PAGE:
Judge gives US prosecutors until Friday to respond to East Texas man’s request to be released before trial

Crime & Public Safety

WASHINGTON (KETK) – A judge has set Friday as a deadline for federal prosecutors to respond to a request from an East Texas man charged in the Capitol Hill riots to be released until his trial.

Alex Harkrider, 34, is accused along with 30-year-old Ryan Nichols, a Longview native, of several crimes stemming from the riot, ranging from civil disorder to assaulting federal officers.

The order was handed down by Judge Ketanji Brown Jackson, a nominee by President Obama in 2012.

Harkrider’s lawyers last week filed the motion to be released while also tearing into the FBI investigation, calling it “sloppy” and “full of misrepresentations and assumptions.”

A 20-page Department of Justice arrest warrant lists in great detail how the two planned on storming the Capitol for weeks and how they posted several times to social media bragging about the riot.

His Washington D.C. attorney, Kira West, wrote that Harkrider was simply listening to President Trump’s claims at a rally earlier in the day to protest the results.

“Like thousands of others, Mr. Harkrider was responding to the entreaties of the then Commander-in-Chief President Donald Trump. The President maintained that the election had been ‘stolen’ and that it was the duty of loyal citizens to “stop the steal.” [He] did not act out of criminal intent but out of sense of duty.“

Harkrider’s lawyers make several claims in the 16-page motion about his involvement that stand in direct contradiction with what investigators presented in their arrest affidavit.

They write that he has cooperated since at least 15 officers arrested him in January. When he was taken into custody, police threw a flashbang device to help subdue him.

In the motion, his lawyers claim that the Capitol had already been breached by the time Harkrider reached the building and that he “never damaged federal property, never threatened law enforcement…”

Screenshots from an FBI affidavit that allege Harkrider and Nichols were pushing against a door with a crowd that was being guarded by law enforcement. (Photo via The Justice Department)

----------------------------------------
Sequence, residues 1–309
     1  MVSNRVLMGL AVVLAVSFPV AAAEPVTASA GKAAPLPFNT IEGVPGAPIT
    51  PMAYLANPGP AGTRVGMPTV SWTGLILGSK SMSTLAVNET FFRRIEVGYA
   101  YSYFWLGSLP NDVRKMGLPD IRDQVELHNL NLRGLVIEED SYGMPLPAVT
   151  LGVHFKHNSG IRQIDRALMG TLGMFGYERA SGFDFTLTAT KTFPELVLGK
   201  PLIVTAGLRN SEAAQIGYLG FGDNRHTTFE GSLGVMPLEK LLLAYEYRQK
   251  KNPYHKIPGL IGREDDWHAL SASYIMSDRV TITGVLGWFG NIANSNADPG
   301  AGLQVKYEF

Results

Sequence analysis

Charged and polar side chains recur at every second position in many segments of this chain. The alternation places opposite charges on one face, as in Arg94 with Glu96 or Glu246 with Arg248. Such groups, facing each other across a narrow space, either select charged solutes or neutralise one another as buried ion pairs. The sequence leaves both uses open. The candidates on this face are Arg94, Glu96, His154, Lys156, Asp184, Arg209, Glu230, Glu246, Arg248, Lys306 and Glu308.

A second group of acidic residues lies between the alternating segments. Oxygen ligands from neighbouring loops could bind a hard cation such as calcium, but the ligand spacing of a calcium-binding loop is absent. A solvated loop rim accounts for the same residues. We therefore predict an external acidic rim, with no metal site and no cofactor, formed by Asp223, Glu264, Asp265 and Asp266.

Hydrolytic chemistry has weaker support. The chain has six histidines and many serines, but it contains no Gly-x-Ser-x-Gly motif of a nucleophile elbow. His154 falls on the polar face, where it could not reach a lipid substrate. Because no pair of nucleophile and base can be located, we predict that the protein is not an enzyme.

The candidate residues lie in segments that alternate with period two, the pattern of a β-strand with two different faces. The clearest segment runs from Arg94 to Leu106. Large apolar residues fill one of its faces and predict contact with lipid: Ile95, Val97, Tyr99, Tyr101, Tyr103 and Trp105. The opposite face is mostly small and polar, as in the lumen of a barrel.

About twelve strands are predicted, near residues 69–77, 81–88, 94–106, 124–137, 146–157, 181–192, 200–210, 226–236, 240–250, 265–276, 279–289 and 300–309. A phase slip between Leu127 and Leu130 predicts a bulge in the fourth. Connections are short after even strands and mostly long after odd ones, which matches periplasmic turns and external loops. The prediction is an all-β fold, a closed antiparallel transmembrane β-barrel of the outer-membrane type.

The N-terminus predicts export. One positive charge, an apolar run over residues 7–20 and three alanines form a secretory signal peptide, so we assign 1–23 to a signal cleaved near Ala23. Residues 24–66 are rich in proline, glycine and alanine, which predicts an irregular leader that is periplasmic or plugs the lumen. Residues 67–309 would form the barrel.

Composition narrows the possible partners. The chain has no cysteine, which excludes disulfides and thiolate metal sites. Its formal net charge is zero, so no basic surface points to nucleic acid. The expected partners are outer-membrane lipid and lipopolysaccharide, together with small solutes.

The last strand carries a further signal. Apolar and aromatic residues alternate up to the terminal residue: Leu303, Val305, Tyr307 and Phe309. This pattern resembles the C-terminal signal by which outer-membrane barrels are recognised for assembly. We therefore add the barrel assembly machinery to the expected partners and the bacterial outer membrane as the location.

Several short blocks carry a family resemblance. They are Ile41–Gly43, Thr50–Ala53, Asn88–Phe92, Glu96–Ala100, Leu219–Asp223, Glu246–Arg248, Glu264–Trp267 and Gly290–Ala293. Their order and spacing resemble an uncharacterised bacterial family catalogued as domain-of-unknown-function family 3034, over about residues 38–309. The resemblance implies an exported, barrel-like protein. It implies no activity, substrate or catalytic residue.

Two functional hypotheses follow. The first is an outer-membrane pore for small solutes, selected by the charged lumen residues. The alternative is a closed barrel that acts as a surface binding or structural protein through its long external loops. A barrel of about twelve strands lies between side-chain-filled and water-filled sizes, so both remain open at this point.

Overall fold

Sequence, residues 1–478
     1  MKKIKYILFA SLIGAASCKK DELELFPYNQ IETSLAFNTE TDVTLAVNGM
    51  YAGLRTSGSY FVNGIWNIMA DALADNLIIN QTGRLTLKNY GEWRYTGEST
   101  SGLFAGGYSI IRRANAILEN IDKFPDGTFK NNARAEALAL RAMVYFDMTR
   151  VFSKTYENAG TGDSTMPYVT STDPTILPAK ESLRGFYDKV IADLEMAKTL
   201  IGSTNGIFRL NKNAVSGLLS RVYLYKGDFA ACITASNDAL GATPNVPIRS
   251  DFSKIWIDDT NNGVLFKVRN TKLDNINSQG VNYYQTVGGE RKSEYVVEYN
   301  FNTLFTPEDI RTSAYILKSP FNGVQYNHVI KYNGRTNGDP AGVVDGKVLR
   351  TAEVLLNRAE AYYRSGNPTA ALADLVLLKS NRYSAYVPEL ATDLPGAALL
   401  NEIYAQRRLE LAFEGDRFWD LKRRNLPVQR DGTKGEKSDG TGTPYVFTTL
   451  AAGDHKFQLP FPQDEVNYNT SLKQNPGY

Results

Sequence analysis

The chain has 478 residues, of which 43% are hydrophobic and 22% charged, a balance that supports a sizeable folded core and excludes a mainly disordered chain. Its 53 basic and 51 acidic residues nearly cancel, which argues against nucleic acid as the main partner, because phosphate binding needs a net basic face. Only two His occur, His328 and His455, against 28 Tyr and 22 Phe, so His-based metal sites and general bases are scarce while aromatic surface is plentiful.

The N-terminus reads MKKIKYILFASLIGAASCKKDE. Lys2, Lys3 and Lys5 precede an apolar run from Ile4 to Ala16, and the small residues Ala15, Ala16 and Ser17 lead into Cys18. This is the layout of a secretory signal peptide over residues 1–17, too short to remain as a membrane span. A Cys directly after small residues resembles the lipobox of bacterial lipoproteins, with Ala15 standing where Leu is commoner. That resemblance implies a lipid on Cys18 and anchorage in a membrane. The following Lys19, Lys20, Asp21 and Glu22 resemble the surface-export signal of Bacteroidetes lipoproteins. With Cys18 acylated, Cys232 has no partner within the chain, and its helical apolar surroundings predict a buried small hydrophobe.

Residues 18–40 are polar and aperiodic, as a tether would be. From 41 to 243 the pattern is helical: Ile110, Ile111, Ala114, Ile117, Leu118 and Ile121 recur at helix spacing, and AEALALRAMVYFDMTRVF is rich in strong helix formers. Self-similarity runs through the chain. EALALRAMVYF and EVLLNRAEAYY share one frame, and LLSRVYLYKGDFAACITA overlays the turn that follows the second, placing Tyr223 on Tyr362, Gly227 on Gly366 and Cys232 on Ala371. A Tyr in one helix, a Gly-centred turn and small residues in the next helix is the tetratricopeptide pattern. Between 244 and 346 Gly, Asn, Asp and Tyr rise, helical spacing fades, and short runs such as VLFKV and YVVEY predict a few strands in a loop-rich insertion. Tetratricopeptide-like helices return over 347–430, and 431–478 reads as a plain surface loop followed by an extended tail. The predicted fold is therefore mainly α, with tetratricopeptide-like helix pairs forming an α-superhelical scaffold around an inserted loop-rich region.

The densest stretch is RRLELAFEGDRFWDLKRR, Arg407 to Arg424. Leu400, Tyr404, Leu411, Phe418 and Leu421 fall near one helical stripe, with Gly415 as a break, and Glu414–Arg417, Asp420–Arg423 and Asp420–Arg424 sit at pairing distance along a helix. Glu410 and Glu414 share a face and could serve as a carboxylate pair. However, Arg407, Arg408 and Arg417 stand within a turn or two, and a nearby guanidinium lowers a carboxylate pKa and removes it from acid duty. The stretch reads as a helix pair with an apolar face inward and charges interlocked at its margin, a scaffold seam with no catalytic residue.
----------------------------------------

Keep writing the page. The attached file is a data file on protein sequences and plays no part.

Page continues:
However, in the affidavit, there are screenshots of video from the FBI where they alleged that both Nichols and Harkrider were “pushing with the large crowd against the same entrance to the U.S. Capitol that was guarded by U.S. Capitol Police.

A separate photo from Snapchat that was included in the arrest warrant showed Harkrider inside the Capitol with a caption that read: “We’re in. 2 people killed already. We need all the patriots of this country to rally the f*** up and fight for our freedom or it’s gone forever. Give us liberty or give us death.”

His lawyers claim, without evidence, that the photo “could be easily doctored.” and that the detective “had no idea how the writing got on the photo.”

This snapchat of Alex Harkrider during the Capitol riot called on “patriots of this county to rally the f*** up.” His lawyers said, without evidence, that it could have been “easily doctored.”

“The evidence is not as the government as alleged against Mr. Harkrider. So far, what the government has provided to the Court… are still shots and short videos. They are taken out of context. When this Court watches the video footage, the Court will see that Mr. Harkrider was peaceful.”


Lastly, his lawyers ask the judge to consider him for release because he is “a man who loves his country so much that he left his family and the comfort and beauty of Texas to fight for his country.”

They write that all of his ties, from family to financial, are in Carthage and that there would be “no reason to think that he would flee or not return to court.”

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